Posted by John Ager on 06 September 2011.
Cesarean sections seem to be getting a fair amount of press lately. Many believe that an uncomplicated vaginal delivery is the safest way to give birth, but the relative safety of vaginal versus Cesarean deliveries has never been directly address in a study where women are randomly assigned to deliver their first baby by C-section or vaginally. Despite the risks inherent in any surgical procedure and longer recovery time, some women are scheduling C-sections even when they are not medically necessary. The rate for C-sections has increased over 50% in just the past decade and now nearly a third of all births are by Cesarean delivery. As the rate of C-sections continues to climb, so does the rate of pregnancy associated deaths. Whether there is a direct relationship between the two is not clear.
Blood clots known as deep vein thromboses (DVTs) are one of the risks posed by C-sections. The clots frequently form in the lower legs and then break free heading to the lungs where they are known as pulmonary emboli and can cause sudden death. A woman’s risk of DVT increases during pregnancy and for about six weeks afterwerd as a result of slower blood flow from weight gain and reduced activity. Blood composisiton also changes making it thicker and easier to clot. To combat this risk, the American College of Obstretetions and Gynecologists has recently published new guidelines recommending the routine use of inflating compression boots, like those already used for other major operations such as hip replacements.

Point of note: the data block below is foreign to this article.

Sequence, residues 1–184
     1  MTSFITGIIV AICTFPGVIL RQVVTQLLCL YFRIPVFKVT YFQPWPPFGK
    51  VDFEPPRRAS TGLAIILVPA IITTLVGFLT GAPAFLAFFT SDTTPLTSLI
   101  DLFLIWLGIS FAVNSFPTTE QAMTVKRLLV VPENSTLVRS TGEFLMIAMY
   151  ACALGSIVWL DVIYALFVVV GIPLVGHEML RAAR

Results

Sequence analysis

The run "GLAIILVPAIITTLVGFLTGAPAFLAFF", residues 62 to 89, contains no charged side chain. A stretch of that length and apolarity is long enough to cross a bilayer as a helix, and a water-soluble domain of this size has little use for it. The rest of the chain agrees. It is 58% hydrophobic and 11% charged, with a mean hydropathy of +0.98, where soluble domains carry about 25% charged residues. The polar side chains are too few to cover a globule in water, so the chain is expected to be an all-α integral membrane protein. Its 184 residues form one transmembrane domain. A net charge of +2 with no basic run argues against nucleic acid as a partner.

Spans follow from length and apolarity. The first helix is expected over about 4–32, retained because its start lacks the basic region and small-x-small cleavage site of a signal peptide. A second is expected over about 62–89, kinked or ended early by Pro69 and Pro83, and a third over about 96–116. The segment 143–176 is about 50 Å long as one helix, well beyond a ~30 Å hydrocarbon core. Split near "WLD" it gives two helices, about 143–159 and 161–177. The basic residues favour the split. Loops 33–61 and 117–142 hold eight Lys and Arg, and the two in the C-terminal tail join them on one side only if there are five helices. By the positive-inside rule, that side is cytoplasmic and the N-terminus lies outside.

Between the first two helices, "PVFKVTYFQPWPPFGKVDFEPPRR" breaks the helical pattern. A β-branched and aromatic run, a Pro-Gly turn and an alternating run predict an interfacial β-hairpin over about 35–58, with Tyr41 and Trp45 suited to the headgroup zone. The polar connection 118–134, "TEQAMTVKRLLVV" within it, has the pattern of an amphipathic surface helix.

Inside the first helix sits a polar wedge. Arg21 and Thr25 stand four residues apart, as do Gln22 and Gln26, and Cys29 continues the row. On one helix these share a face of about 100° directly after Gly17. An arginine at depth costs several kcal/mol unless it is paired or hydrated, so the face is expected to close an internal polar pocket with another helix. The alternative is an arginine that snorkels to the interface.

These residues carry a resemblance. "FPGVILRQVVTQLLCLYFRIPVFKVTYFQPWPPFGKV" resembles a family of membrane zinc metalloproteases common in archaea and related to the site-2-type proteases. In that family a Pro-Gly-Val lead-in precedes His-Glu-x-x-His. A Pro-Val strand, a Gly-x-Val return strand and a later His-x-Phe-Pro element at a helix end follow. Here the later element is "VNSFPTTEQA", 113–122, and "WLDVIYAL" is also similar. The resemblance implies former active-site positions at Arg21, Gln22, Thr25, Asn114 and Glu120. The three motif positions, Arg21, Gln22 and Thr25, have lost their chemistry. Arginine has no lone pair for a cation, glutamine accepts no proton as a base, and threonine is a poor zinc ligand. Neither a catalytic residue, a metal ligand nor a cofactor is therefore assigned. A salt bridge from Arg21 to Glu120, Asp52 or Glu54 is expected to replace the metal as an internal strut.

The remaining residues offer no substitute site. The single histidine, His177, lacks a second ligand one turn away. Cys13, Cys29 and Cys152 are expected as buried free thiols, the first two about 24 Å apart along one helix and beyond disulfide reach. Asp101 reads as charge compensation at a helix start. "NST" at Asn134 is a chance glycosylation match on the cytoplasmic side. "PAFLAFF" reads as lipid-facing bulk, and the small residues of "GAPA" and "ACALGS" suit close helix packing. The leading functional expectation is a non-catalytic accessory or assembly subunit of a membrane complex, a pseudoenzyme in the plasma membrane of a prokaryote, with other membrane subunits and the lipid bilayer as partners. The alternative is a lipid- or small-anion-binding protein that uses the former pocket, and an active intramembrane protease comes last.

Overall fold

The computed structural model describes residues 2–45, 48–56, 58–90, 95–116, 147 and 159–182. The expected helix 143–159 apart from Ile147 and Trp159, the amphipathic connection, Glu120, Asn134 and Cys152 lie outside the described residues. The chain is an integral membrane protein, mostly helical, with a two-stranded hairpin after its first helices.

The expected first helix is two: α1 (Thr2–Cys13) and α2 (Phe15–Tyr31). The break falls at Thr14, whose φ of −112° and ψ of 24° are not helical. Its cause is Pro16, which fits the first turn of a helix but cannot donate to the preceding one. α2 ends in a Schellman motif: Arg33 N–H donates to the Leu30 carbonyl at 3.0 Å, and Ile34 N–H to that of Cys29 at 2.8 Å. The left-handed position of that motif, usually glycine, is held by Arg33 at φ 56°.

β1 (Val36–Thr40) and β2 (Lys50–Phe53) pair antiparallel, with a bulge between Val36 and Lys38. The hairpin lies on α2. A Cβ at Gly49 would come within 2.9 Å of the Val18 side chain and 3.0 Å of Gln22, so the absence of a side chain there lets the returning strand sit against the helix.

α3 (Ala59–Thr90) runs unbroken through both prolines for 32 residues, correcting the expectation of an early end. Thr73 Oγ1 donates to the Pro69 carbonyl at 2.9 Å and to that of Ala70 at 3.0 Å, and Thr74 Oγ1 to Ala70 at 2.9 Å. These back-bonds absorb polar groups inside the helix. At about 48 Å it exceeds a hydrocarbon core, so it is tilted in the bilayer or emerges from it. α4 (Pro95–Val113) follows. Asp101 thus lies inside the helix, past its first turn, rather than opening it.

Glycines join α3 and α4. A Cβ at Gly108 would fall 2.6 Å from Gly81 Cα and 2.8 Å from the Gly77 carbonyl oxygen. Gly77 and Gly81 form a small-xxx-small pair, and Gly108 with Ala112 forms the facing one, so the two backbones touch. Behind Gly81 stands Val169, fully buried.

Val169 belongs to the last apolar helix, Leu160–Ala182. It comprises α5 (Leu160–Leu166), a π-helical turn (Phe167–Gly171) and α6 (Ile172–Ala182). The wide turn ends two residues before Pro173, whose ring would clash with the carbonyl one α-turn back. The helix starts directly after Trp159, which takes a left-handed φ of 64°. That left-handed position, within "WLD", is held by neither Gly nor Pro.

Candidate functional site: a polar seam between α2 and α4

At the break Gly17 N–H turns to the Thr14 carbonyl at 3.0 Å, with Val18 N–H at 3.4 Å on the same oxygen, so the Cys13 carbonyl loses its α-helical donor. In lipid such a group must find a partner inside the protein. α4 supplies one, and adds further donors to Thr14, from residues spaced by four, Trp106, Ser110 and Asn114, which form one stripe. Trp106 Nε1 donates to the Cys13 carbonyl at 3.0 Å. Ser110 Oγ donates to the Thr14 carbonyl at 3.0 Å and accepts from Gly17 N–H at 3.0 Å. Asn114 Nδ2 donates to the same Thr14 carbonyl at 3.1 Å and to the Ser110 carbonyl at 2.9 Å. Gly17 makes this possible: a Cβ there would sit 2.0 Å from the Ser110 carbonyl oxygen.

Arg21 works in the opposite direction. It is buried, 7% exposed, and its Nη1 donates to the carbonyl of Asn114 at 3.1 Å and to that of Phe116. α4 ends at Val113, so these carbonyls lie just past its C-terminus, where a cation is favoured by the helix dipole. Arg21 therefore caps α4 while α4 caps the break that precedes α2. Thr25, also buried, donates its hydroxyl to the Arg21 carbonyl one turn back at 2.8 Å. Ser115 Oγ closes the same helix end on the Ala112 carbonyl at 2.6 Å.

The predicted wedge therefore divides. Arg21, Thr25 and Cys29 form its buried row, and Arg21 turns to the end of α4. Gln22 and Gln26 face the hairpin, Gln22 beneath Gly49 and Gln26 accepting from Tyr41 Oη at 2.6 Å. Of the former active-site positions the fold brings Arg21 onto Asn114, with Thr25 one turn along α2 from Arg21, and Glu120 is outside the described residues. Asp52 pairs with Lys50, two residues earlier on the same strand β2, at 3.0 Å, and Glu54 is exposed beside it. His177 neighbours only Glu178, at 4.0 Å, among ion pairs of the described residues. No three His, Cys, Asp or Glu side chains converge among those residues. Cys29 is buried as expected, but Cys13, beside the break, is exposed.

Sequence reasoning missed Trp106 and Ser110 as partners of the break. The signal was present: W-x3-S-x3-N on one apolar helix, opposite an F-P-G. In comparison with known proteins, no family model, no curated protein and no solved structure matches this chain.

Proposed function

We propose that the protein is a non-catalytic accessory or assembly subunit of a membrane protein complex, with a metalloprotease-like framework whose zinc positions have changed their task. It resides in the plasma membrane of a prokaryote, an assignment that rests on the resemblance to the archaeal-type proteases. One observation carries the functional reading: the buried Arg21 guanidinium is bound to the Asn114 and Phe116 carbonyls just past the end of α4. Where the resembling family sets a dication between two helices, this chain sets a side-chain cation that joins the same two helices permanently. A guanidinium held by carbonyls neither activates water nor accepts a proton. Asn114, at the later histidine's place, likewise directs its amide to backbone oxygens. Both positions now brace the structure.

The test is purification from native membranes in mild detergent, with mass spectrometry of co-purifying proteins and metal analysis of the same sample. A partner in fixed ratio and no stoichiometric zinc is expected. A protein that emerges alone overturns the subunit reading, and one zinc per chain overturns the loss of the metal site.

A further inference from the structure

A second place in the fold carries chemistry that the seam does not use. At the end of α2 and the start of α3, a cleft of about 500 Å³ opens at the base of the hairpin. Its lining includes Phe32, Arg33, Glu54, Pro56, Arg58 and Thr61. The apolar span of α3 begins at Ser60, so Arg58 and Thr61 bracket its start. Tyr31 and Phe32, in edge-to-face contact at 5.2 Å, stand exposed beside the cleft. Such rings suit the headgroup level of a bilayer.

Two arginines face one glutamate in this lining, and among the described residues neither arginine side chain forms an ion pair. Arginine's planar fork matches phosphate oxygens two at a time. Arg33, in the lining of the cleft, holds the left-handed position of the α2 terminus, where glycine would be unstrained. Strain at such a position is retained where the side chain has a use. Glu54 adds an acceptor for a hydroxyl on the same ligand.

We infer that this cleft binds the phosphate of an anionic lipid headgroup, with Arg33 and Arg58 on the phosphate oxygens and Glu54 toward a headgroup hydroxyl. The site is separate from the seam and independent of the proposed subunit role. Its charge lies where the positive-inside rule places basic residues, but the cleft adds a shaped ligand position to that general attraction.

Of course, avoiding C-section altogether is the best way to reduce this risk. Nurses seeking ways to reduce the rate of C-sections have now developed a tool called the peanut ball. The ball is used on women who receive epidural injections to alleviate pain during pregnancy and cannot use other proven birthing methods. The peanut shaped ball fits between a patients legs helping open the pelvis to create a path for the baby. In clinical trials the ball not only significantly reduced labor times, but decreased the rate of C-section by 13 percentage points. The balls cost about $40, a relative bargain when compared to a Cesarean procedure. Not bad.